As you may be able to tell, I love it.  I think everyone should have a hexagon blanket!  And crochet?  No way is it trumping knitting but mark my words, this will not be the last time I pick up a hook.

Stats

Pattern: Ruby Hexagon Blanket by Nova

Yarn: Cascade 220 in many various colors.

Hook: G

Mods: Added two rows (one of 5 and one of 6) for length.

Hexie Blanket

Arnold the Peacock

I’ve never been able to get into embroidery.  Which is particularly funny considering how a couple years ago I decided I wanted to learn how and so in true Erin style I dived right in, bought a hoop, needles, special scissors, a rainbow of DMC floss colors, and a handy carrying case to keep all my embroidery supplies in…all before I had tried one stitch.  I am crazy like that.

I tried to do a couple things over the years but couldn’t really get excited about anything.  That is until I came across a free vintage pattern I found on the internets.  (The pattern takes a few clicks to get to and is part of a multi-page vintage embroidery booklet but I found the pattern here.)

I was really excited about this project but then became daunted by the idea of transferring the pattern from paper to fabric.  So, I put it aside and the project stalled until last weekend when I needed a distraction from my current project and so I figured out what I needed to do and got to work.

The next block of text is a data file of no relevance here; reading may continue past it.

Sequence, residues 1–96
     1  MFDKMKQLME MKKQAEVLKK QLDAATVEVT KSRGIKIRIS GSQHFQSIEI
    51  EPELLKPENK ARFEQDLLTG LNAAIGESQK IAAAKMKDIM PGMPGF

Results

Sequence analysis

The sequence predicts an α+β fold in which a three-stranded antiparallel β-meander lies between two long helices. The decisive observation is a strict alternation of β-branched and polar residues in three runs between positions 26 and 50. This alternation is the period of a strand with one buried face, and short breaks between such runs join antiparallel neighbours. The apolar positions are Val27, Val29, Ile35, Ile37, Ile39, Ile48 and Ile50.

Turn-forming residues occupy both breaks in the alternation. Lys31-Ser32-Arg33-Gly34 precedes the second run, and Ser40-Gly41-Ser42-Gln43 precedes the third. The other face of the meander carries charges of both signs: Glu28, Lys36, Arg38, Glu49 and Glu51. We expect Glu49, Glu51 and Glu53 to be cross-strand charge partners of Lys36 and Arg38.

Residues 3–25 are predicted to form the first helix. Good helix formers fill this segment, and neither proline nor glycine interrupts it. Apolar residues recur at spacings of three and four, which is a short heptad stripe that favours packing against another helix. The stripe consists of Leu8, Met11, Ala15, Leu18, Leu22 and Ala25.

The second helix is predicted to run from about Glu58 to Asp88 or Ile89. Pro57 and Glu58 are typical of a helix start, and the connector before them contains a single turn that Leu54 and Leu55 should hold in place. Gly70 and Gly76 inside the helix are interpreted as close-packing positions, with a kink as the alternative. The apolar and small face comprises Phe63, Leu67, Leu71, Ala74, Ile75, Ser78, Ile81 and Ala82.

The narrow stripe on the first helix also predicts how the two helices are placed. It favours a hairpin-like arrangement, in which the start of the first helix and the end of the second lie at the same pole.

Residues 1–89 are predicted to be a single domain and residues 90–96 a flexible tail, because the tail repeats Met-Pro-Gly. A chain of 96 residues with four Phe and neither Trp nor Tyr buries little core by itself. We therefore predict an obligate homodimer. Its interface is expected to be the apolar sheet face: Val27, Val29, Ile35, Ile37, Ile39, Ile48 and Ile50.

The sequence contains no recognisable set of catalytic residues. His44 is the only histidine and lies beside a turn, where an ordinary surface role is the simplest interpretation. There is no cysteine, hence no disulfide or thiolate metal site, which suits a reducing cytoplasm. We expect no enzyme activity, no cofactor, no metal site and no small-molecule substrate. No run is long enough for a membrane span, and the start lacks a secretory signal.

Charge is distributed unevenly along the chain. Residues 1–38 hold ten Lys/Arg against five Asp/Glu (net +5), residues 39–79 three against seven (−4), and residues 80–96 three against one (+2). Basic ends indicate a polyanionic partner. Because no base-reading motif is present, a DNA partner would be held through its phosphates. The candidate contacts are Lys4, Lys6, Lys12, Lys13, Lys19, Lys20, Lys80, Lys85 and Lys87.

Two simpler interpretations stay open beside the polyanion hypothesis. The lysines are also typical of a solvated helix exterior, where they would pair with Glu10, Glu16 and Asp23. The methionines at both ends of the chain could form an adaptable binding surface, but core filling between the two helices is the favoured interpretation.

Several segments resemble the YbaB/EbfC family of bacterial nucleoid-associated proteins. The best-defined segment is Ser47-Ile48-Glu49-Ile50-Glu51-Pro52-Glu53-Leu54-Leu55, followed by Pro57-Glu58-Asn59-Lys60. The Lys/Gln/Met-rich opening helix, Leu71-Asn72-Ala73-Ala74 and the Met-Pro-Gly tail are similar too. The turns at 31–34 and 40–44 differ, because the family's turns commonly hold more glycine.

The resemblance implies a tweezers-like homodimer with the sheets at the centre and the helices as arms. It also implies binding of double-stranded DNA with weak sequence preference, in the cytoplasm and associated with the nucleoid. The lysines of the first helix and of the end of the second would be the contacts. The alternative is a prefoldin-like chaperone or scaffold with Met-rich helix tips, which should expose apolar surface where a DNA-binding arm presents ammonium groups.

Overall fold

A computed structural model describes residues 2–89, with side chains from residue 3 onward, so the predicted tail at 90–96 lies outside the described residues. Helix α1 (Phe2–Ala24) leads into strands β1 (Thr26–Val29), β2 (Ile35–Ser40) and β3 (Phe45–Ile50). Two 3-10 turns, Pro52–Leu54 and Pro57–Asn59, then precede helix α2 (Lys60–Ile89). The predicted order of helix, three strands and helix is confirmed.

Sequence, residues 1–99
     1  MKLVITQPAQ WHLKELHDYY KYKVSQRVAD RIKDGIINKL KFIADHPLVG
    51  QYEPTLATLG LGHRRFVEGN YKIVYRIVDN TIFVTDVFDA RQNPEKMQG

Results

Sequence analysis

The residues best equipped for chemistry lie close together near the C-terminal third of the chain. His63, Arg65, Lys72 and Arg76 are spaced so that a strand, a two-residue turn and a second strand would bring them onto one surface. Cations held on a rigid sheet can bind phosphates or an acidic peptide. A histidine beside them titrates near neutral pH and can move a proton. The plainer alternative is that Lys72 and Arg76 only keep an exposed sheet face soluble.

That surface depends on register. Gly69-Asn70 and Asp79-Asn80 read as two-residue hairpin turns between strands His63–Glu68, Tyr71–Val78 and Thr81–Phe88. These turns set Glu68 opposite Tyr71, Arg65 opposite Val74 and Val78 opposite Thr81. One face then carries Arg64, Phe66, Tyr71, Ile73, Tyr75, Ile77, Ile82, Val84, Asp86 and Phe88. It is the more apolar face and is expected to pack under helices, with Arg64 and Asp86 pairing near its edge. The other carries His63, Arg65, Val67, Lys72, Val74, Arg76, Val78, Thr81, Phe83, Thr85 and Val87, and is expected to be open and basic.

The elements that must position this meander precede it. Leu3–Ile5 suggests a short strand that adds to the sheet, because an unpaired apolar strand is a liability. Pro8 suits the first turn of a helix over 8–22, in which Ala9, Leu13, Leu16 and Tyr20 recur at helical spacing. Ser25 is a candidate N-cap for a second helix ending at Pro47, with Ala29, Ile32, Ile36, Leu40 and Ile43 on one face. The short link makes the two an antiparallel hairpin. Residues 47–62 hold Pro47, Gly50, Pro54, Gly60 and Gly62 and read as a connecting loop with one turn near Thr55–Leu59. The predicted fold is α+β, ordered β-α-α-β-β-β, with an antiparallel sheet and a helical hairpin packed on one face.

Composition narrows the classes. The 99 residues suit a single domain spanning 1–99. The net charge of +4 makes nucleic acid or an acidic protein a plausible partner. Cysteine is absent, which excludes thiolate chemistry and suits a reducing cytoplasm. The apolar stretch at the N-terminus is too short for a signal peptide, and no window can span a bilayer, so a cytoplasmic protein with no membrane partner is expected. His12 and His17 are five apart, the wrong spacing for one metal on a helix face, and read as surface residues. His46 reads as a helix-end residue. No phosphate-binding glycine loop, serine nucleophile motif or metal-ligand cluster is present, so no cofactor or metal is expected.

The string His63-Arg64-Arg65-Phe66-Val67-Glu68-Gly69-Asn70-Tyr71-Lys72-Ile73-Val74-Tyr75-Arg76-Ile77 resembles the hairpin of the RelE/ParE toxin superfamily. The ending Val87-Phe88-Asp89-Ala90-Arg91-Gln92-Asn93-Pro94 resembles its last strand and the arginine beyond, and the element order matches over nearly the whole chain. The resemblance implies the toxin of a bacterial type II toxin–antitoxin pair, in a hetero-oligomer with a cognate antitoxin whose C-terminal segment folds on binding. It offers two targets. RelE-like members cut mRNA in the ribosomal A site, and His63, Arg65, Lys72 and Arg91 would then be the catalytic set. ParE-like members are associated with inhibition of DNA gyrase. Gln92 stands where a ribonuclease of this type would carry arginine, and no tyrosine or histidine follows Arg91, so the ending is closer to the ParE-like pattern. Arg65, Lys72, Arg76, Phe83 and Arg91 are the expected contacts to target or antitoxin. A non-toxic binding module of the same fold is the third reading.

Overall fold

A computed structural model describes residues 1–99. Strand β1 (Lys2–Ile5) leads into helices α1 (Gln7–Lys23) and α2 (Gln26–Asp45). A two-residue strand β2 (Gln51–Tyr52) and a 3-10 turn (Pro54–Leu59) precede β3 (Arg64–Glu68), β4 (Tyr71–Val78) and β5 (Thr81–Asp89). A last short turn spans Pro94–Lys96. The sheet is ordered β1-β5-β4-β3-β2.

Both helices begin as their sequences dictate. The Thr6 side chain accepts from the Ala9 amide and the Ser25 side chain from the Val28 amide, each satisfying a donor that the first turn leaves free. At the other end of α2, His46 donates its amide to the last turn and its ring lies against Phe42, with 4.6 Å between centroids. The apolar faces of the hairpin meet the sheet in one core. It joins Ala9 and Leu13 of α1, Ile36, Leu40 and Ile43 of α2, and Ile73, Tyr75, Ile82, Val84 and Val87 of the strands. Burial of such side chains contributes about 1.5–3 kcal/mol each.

A week later…

Peacock Embroidery I am in love.

As you may or may not know, peacocks are male.  Mine is named Arnold.  I think he is very regal looking.  See what I mean?

Peacock head embroidery close up

My favorite part of the embroidery is the feathers.  I used only one strand of floss (as opposed to the two stands I used for the rest of the project) to give them a light feather-like feel.  I also love the gold floss.

Peacock feather embroidery close up

For the most part this was a fairly simple embroidery.  I only used back stitch and french knots.  It was an easy beginner project but so satisfying because the end result looks more advanced.  And just in case you are wondering, embroidery = super fun + really easy.  Perhaps my embroidery supplies investment wasn’t such a crazy idea after all.

Peacock embroidery 2

Follow

Get every new post delivered to your Inbox.